But I definitely love how a few of you brought up the bureaucratic end (with fees!) and especially concerning Italy. That would just be a nightmare plain and simple. Of course fewer people are getting married in Italy all the time–I’m sure this wouldn’t push people into taking the plunge knowing they’d have to encounter more red tape in 7 years….

    I’m just typing out loud here, playing the other side a bit, but I think it’s good to get other ideas out there. I’m a Libra, after all, so I like looking at all sides of everything πŸ˜‰

    JennieBoo, thanks!

    And Gil, I think you may be on to something….

  18. odessa

    its an awful proposal. if you have an expiration date in mind coming to a marriage, then why get married at all?

  19. Wanderlust Scarlett

    Sorry… I’m rather traditional when it comes to things like this.
    If you say you are going to spend the rest of your life with someone then do it unless you reach a point where it’s unsafe or the partnership has become a hollow shell in which neither party wants to remain. Then divorce as a last resort, but this?
    The 7 year itch law?
    I am disgusted and horrified.
    I absolutely believe that this endeavor of hers is a sign of the times, and it’s not a good one.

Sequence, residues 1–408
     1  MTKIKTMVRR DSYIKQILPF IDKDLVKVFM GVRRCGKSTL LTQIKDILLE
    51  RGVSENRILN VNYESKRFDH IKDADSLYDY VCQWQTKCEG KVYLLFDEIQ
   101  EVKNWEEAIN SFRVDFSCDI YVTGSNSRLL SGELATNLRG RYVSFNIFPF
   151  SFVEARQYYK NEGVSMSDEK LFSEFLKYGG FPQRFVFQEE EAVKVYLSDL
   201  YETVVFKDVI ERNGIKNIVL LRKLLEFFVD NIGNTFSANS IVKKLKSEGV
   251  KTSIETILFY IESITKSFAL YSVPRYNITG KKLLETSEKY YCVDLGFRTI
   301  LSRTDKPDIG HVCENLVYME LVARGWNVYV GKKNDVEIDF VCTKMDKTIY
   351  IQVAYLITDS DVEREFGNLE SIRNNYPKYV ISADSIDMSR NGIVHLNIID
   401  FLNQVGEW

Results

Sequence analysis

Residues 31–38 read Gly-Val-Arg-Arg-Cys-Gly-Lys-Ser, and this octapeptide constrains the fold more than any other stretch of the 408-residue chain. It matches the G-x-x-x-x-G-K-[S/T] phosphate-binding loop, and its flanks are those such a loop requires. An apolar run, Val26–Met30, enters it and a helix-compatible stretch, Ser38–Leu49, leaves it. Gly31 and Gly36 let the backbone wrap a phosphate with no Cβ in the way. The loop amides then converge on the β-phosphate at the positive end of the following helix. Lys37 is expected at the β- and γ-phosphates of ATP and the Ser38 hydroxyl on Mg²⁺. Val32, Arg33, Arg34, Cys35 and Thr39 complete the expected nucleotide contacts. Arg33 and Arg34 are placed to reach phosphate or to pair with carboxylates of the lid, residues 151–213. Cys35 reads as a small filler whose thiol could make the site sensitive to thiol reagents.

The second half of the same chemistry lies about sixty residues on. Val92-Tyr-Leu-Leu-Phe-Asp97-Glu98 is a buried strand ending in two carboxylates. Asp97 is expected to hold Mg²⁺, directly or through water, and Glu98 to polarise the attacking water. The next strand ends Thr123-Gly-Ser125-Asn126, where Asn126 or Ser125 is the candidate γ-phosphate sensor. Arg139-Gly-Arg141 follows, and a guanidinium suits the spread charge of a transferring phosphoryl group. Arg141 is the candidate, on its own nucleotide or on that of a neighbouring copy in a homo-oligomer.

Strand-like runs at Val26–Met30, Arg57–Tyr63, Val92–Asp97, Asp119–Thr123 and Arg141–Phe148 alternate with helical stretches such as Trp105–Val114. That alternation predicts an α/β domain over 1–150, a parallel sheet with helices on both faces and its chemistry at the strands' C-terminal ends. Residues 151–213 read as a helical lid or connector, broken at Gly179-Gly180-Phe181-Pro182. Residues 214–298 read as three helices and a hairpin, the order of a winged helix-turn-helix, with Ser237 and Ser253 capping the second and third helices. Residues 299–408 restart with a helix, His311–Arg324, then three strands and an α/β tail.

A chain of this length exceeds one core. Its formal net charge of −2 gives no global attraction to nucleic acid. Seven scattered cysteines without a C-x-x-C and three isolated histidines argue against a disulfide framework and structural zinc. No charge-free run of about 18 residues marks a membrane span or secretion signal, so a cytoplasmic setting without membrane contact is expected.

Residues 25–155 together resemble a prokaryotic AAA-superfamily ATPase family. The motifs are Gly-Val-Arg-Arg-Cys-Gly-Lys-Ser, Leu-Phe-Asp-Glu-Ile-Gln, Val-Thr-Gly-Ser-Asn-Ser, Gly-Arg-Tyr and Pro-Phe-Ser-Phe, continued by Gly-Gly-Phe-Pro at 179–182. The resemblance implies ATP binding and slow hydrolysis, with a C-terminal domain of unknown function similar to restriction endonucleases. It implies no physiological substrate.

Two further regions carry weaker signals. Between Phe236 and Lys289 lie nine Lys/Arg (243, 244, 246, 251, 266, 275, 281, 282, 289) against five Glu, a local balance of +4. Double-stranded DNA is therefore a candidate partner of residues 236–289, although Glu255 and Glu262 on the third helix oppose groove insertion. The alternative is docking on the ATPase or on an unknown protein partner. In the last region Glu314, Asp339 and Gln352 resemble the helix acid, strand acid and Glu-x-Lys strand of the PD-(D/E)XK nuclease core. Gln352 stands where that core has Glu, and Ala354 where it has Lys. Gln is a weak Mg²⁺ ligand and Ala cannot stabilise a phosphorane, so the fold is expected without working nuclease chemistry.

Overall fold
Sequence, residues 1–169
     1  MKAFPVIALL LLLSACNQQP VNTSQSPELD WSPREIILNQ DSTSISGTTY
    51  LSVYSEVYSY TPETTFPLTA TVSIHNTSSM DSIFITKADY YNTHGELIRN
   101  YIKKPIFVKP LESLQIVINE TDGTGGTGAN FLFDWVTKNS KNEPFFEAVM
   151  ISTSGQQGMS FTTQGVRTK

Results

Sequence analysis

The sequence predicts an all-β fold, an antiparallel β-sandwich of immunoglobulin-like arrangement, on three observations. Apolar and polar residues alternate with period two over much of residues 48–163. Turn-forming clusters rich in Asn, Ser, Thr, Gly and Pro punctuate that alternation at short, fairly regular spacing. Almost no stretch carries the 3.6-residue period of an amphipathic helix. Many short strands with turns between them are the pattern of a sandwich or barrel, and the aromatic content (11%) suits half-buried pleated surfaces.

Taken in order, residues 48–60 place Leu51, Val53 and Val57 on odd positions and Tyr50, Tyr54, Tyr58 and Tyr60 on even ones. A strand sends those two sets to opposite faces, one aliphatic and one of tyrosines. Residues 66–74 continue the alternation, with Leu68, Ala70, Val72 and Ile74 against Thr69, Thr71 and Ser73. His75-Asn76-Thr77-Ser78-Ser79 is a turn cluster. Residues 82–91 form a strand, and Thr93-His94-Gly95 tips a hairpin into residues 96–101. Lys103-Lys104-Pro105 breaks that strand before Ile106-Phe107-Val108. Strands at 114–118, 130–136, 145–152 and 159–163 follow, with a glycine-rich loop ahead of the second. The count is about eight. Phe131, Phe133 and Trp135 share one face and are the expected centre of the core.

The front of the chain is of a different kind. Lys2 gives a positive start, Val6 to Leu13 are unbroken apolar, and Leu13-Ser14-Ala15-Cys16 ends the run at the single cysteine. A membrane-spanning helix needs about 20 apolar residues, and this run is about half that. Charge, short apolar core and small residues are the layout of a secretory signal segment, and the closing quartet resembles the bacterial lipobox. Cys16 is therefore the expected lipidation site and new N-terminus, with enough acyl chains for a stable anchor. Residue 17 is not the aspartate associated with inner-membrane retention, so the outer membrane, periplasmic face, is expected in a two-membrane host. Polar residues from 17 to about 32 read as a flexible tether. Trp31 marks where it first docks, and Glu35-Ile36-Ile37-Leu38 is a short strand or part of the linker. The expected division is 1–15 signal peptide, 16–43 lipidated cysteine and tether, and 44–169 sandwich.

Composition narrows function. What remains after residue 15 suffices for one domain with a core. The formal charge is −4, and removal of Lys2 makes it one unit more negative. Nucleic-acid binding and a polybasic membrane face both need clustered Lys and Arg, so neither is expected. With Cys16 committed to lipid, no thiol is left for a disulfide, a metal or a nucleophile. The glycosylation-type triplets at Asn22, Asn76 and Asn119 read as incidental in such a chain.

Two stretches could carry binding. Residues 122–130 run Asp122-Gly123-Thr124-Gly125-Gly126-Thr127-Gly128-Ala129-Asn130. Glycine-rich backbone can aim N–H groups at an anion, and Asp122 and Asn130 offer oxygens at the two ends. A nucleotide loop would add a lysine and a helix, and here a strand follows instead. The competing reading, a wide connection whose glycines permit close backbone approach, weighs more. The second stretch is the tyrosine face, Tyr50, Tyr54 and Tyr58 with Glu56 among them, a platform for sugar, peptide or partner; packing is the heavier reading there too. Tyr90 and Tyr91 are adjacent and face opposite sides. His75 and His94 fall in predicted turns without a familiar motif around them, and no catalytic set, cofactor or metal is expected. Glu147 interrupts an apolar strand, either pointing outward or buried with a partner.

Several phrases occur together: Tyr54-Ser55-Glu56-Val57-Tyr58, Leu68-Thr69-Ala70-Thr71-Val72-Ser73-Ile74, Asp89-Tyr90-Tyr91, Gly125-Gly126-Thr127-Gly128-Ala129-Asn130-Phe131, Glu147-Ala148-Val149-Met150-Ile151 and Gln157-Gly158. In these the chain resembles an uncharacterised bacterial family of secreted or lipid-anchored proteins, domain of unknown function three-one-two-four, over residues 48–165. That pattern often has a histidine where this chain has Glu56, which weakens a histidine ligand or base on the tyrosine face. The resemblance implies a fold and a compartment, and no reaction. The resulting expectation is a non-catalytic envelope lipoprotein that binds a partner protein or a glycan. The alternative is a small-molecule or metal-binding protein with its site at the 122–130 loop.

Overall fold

One of my favorite things to see is two older people walking down the street slowly, holding hands, holding hearts… two who have seen and done it all together and never gave up on each other, even in the rough spots.

    That’s a marriage.

    Scarlett & Viaggiatore

  20. qualcosa di bello

    undermining, cynical, missing the whole point of commitment…are just a few things that come to mind.

    geesh, what about the children (& the stability that they so desperately need in life)??

  21. Meg

    I should say I’ve been married 12 years, and side with the traditionalists here.

    I think a law of that sort amounts to encouraging people to end marriages through inertia. While I don’t believe, at all, that someone should stay married Just Because They’re Supposed To, I do think that ending a marriage should be a conscious, active decision. Divorce is a process (not perfect, to be sure) that presents married people with a good choice for severing a bond that, for whatever reason, isn’t working (and I think no-fault is a good thing to have). Simply letting the clock run down and requiring people to renew their license seems… well, a cynical, and rather depressing view on the nature of human love and family bonds. Automatically defaulting to divorce strikes me, at heart, as the wrong thing to do.